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HS4 Jet issue


cliff.b

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Spitfire been running really well for ages but today very rough, won't tick over and feels like misfiring until throttle opened wider & revs rise. All ok if choke pulled out a bit. Found tickover no worse if plug leads 3 or 4 removed so assume rear carb problem. After further investigation I noticed the jet on that carb is protruding 2 or 3 mm and obviously, operating the choke cures this. This explains the problem and winding it down several turns gets the car running ok but now externally, everything is considerably lower than the other carb. Struggling to work out what has happened 😟

IMG_20230921_154041_916.thumb.jpg.db35e9b80db567edc5865fe6a47177f1.jpg

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Hmm, took both jets out and the rear one does appear to be a couple of mm longer. Might be due to the waxstat "bodge" but the jets are solid in the carrier with no discernable movement. So how did this problem suddenly come about.? 

While looking at this I found the choke operating linkages are a bit sticky and I'm wondering if that jet has been stuck too low for ages and when I got the car running I adjusted around it. So if it suddenly freed up the jet would be too high and almost cut the fuel supply off to that carb at small throttle openings.

Not sure if that is plausible but best I can come up with at the moment.

Edited by cliff.b
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If i'm reading that right richening the mixture, either by opening the choke or winding the jet down sorts the issue - and everything was fine before.  That would have me checking the breather pipes between the problem carb and the T piece.  If the pipe starts to split extra air gets in after the jet, so giving a weak mixture.  Pull the choke and you can richen the mixture to match the extra air.

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its quite common for the jet tube to b a bit too long and this jams the choke /jet return but these are old jets should be ok as long as the tube is

not kinked under the spiral protection .

many fit new and have to trim 3mm off the tube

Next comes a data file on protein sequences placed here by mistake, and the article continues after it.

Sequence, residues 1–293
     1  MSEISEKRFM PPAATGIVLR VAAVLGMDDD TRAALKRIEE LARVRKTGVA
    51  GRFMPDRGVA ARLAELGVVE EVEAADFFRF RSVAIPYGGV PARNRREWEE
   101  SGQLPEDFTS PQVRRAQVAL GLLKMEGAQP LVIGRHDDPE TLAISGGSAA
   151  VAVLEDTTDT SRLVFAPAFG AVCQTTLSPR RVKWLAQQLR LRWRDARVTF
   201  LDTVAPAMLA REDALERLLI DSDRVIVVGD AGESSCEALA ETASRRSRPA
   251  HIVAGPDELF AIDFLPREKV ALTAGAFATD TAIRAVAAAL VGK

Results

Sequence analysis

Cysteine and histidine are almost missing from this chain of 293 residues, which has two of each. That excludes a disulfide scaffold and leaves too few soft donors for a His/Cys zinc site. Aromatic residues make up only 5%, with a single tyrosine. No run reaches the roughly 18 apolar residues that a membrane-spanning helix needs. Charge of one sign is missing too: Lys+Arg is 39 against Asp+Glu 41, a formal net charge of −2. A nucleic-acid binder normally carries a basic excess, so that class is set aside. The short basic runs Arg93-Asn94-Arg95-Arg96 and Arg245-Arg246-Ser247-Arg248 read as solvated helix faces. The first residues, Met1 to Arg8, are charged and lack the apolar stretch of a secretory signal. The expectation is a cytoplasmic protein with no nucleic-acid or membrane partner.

and often spare 0 rings /olives are found stuck down the tube hole 

Pete

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In answer to all the above, I did some work on the linkages and refitted the jet so, by eye, the top of the jet was roughly the same height as the front carb. Adjusted further after a quick check with Colourtune then off for a road test which went well, to start with. I stopped & checked the plugs and rear ones were a bit weak, so lowered jet one flat. After this, the tickover was perfect and goes well with foot down, but running rough at slower speeds. Once again, pulling the choke out solved it do progressively richened the mixture and it got better, but not perfect.

Now jet half a turn lower than the setting I started with and barely any difference to plug colour. I will work through all suggested here.

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Hmm, I have just read that the 76 to 79 Spits had FZX1122 carbs and apart from any other differences these were fitted with ADN needles which appear to be leaner across the rev range than ABT's.

ADN is grey line

Screenshot_20230922-2138212.thumb.png.46f8598c5c3b89220d9e9ca9cdafc9ed.png

I have always found that if I set the mixture at home it is always much weaker if I stop in a layby and check the plugs during a run. Guess this might explain why 🤔

Edited by cliff.b
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22 minutes ago, Josef said:

The needles are marked. In tiny letters! So you should be able to check if you have them out again.

Any idea if the springs have any identification marks on them? The comments I read about the different needles in later Spits also said the springs were different. Looking at my carbs, there are some slight differences and I'm not 100% convinced I have a matching pair.

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2 hours ago, cliff.b said:

Any idea if the springs have any identification marks on them? The comments I read about the different needles in later Spits also said the springs were different. Looking at my carbs, there are some slight differences and I'm not 100% convinced I have a matching pair.